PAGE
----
Wales is doing as well as, and in some areas better than, other UK nations in a range of health quality indicators.
Figures directly comparing the NHS in the four UK nations have been released for the first time.
Stroke mortality rates and asthma hospital admissions are particularly encouraging for Wales.
Health Secretary Vaughan Gething said: "Most importantly it helps us know where we can do better for the people of Wales."
The comparable figures have been put together at the recommendation of the Organisation for Economic Cooperation and Development (OECD) following a review of how health services were performing a year ago.
The OECD normally only receives health statistics on a UK-wide basis but wants to see in future how the devolved NHS is performing.
Altogether, 13 different indicators have been published.
On the figures involving deaths in hospital from strokes from a bleed in the brain, Wales is at a lower rate than the UK average.
Health officials believe this could be due to the focus in improving stroke care in Wales since 2009 - after it was found to be faring badly - which led last week to a new stroke action plan being published.
There is also an improving picture across the UK of patients surviving in hospital after being admitted with heart attacks. Wales is similar to the UK's 30-day mortality rate [the number dying within 30 days] and better than Scotland's figure.
The use of balloon angioplasty and better drugs when patients are admitted have been suggested as factors.
Male heart patients in Wales had the lowest mortality rate of the home nations in this measure, although the drop in the mortality rate among women in Wales was the smallest.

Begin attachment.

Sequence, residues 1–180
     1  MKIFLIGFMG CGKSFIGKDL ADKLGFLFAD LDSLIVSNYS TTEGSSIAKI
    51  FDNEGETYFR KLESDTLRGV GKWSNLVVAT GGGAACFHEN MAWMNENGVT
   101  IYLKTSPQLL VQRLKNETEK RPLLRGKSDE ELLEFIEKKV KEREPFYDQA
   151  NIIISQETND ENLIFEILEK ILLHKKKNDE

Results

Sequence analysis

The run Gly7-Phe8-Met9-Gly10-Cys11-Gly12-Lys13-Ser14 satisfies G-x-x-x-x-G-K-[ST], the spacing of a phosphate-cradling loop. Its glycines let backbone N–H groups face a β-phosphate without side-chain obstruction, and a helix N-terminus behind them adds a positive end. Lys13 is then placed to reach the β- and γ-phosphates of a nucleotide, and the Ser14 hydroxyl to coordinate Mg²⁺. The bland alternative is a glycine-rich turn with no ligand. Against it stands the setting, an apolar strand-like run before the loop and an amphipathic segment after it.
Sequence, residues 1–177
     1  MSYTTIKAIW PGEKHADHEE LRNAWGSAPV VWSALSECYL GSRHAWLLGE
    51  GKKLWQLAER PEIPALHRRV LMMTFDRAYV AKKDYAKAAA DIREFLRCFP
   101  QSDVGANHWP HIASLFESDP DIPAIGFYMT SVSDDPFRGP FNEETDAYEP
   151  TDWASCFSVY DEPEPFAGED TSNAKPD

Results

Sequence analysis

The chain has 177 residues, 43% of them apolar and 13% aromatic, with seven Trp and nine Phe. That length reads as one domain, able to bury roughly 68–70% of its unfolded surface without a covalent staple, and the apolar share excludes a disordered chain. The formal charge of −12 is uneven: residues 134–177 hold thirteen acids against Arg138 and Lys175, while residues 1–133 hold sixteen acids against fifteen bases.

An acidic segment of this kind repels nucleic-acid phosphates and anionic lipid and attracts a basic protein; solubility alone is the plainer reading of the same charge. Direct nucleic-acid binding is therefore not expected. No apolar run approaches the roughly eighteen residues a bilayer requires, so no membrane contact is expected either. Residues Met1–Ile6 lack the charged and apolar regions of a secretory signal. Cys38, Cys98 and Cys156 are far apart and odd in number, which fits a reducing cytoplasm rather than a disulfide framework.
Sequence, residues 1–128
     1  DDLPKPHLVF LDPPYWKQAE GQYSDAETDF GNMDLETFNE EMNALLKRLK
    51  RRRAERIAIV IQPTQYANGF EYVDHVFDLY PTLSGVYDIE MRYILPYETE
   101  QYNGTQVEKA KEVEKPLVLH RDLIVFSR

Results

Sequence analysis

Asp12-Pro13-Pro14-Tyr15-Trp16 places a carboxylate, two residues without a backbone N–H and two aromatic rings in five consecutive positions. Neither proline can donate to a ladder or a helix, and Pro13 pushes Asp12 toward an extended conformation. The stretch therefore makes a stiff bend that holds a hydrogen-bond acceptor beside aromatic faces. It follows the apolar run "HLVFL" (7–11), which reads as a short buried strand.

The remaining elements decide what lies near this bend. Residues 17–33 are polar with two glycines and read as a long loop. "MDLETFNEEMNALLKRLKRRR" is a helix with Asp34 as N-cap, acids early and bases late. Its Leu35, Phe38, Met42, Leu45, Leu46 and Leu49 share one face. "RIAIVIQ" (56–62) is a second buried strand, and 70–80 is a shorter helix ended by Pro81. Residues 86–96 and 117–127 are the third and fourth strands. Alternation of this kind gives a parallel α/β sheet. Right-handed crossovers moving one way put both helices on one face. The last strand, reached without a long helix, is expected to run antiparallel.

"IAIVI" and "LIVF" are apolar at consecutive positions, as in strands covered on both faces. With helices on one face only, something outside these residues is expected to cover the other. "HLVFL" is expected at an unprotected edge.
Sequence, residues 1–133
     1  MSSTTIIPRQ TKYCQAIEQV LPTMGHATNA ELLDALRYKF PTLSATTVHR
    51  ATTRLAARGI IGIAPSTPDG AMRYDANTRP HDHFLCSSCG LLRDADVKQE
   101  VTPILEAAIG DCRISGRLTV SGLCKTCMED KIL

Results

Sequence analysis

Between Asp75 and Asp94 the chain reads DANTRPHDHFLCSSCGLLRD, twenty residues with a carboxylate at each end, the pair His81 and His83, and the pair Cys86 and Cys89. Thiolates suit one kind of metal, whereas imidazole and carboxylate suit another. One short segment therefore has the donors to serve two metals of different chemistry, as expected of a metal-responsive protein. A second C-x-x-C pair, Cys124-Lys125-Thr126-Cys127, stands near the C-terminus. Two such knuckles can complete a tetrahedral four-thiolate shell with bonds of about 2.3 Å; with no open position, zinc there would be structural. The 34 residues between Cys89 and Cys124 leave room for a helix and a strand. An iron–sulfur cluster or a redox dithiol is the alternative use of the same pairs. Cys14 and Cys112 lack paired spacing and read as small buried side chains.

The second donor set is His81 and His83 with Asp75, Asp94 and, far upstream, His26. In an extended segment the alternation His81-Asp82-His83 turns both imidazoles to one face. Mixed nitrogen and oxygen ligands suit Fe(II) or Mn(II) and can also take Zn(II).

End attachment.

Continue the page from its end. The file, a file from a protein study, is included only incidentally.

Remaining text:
The figures also show Wales is:
- Similar to the average for patients receiving surgery for hip fractures within 48 hours, an improving UK trend.
- Broadly in line with the UK improving trend over mortality rates for patients with ischemic strokes - the type due to blood clots.
- Lowest of all the home nations in the rate of admissions of asthma patients to hospital.
- Lower in terms of diabetes amputation rates for women and for foreign bodies - such as surgical swabs - mistakenly left in patients during operations.
- Higher than the UK average for obstetric trauma during births when instruments are not used - 3.2 deliveries out of 100 compared with a UK average of 2.8.
Mr Gething said it was "good news" Wales was performing better than average in some areas.
"These figures provide us with a useful way of measuring and comparing, where appropriate, the quality of health service provision in the UK," he said.
"As the numbers of indicators increase over time we look forward to seeing how our innovative health policies are having an impact against the other home nations."
It is being stressed that this first set of figures is only experimental.
They only involve statistics up to 2013 and do not include waiting times, although the OECD as part of its work does look at how long patients wait to see a specialist.
But it is hoped they will help give a more rounded picture of healthcare between Wales, England, Scotland and Northern Ireland.